When do I Need a Tetanus Vaccine?

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  • Written By: Mary McMahon
  • Edited By: Bronwyn Harris
  • Last Modified Date: 10 September 2019
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As a general rule, you need a tetanus vaccine every 10 years to ensure that you are protected from tetanus. In addition, if you receive a deep puncture wound or you have a wound which is contaminated with dirt and your last tetanus vaccine was more than five years ago, you may be told to get another vaccination, just to be careful. Because tetanus is an extremely painful and debilitating disease and it is fully vaccine-preventable, there is no good reason not to get a vaccine, especially since it is an extremely safe vaccine.

People have been vaccinated against tetanus since 1924, and combination vaccines which prevent diphtheria and pertussis along with tetanus have been administered since the 1940s. There are several different combination vaccines on the market, and your doctor can select the best one for you based on his or her experience and your vaccination history.

Tetanus vaccines start in childhood, when children receive a series of vaccinations to help them build up antibodies to a range of diseases. If you have not been vaccinated for tetanus as a child, you will need to take a three part vaccine series before switching to an every 10 years dosage schedule; you may be asked to undergo this series if you cannot provide proof of vaccination, as most doctors would prefer to be safe, rather than sorry.


Many people wonder why they need tetanus boosters when single vaccinations for some other diseases, like polio, are usually sufficient. Multiple doses of the tetanus vaccine are necessary because the vaccine is a toxoid or killed vaccine. Killed vaccines are safer than live vaccines, but they are also less effective, and they will eventually wear off over time.

The benefits of getting the tetanus vaccine far outweigh the risks, but you may want to remember that this is infamous for causing bruising, tenderness, and soreness. While these symptoms are entirely normal, they can be irritating, especially if your vaccination is in a highly visible place. You should also try to time your tetanus vaccine before a period of relaxation and rest, as physical exertion can exacerbate the soreness.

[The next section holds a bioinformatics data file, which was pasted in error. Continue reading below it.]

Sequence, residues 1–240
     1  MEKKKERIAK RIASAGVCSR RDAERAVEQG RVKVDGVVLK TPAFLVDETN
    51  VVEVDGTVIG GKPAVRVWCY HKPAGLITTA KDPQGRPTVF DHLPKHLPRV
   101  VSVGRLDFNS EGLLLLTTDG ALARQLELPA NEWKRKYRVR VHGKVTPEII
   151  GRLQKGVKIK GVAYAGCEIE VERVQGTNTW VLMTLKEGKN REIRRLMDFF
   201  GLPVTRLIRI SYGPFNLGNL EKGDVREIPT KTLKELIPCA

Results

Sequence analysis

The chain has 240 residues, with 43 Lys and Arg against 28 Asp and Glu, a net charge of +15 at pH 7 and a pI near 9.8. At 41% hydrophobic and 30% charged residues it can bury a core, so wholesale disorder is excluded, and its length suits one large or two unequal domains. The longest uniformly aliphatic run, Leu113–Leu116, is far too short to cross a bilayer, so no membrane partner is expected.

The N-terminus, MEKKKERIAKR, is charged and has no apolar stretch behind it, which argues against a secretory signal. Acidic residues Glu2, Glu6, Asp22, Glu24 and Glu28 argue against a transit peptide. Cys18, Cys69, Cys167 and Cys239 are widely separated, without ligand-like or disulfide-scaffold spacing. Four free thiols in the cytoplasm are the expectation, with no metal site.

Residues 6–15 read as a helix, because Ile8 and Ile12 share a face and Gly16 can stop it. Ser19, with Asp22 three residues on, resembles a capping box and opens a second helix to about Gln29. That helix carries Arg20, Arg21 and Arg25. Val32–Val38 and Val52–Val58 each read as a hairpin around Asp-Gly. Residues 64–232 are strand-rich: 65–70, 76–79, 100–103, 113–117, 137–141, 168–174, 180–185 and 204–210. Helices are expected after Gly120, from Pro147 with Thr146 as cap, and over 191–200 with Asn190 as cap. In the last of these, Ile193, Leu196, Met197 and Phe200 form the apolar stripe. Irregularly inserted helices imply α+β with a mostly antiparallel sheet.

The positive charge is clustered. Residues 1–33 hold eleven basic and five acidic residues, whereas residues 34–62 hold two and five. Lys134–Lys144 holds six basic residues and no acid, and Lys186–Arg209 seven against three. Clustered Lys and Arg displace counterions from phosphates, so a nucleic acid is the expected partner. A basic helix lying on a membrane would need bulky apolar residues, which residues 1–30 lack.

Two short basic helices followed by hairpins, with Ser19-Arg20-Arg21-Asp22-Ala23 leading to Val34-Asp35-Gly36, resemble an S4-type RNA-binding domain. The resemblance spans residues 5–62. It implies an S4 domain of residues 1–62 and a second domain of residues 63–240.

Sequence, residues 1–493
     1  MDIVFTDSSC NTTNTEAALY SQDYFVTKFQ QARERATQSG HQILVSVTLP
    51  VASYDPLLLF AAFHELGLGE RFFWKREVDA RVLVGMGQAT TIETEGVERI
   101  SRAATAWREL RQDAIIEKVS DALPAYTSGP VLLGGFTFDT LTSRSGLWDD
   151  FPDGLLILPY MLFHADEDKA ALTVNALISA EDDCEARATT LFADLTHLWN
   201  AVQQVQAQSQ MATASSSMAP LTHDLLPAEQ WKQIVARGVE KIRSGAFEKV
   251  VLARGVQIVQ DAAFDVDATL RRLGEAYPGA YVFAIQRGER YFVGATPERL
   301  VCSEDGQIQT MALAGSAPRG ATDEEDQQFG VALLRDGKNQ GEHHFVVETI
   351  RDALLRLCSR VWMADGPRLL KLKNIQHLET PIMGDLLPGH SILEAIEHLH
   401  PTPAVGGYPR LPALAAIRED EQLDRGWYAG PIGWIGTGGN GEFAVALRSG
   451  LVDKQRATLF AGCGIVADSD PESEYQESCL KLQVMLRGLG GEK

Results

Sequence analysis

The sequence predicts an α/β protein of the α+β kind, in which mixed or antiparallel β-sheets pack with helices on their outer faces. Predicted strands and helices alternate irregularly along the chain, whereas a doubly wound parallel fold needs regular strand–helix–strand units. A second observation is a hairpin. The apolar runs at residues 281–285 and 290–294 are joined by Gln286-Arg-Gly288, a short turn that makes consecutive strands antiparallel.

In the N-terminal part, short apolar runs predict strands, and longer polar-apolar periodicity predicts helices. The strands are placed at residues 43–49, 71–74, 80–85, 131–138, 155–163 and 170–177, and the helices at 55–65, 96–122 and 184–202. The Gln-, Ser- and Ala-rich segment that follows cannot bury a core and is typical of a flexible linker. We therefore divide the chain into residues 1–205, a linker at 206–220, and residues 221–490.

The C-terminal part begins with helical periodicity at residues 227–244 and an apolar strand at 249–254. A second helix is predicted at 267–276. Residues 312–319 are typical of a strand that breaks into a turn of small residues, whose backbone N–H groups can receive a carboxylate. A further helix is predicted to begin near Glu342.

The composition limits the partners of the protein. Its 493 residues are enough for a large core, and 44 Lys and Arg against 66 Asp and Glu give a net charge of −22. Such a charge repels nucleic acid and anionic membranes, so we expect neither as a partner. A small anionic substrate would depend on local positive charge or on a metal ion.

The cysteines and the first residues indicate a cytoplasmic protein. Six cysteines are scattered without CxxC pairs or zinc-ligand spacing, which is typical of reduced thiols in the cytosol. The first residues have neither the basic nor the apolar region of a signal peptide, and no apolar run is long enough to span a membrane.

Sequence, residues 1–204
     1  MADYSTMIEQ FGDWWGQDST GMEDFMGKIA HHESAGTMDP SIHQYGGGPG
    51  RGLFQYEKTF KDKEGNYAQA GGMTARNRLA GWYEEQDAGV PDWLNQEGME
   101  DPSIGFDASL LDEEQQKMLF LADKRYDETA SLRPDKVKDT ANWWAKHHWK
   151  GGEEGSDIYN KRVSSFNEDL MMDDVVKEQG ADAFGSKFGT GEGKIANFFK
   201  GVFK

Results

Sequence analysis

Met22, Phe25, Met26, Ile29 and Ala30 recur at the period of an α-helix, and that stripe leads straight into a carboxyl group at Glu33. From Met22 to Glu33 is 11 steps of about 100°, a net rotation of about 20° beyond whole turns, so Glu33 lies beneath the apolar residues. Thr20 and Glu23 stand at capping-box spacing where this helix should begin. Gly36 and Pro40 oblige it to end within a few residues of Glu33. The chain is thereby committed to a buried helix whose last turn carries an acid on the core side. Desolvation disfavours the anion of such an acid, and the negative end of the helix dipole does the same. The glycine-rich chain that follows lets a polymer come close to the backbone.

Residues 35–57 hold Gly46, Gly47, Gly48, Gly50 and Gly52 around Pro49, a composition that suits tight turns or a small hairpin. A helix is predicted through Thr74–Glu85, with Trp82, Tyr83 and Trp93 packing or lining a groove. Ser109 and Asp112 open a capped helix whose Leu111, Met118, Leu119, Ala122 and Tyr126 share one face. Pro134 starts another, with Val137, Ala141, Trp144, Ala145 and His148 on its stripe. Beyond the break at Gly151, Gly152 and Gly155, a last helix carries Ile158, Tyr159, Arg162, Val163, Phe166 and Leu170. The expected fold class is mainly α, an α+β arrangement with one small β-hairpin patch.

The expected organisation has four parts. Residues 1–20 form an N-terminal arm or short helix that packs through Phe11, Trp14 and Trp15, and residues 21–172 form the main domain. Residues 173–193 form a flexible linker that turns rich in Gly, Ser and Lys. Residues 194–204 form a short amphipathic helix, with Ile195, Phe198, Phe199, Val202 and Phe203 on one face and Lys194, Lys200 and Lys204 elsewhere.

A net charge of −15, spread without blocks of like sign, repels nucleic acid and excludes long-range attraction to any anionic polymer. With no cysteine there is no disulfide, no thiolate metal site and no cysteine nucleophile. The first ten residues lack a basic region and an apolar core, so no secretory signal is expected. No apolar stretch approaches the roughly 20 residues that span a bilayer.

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Post 3

@anon70885 - To be honest, I am not sure whether you need a tetanus vaccination if you have had the disease.

*But* there is another important reason why should get a tetanus booster vaccine, or rather why you should get a Tdap shot. This shot also protects against pertussis (whooping cough), which is making a comeback in some parts of the country.

Now, whooping cough is not particularly dangerous to adults and older children, but it can be deadly to infants, and newborns can't start the vaccine series until 2 months. So do your part to protect the most vulnerable and keep your Tdap up to date! (The pertussis vaccine, unfortunately, is only available in combination, not individually.)

Post 2

have you heard of increased allergies in girls who have had the gardasil vaccine? My daughter has had to give up going near horses and now has terrible hay fever and has got every cold going since she had the vaccine. I have heard this is not uncommon.

Post 1

i was tetanus patient when i was young -- six years old. now i'm 40 years old. Do i need an ats injection again?

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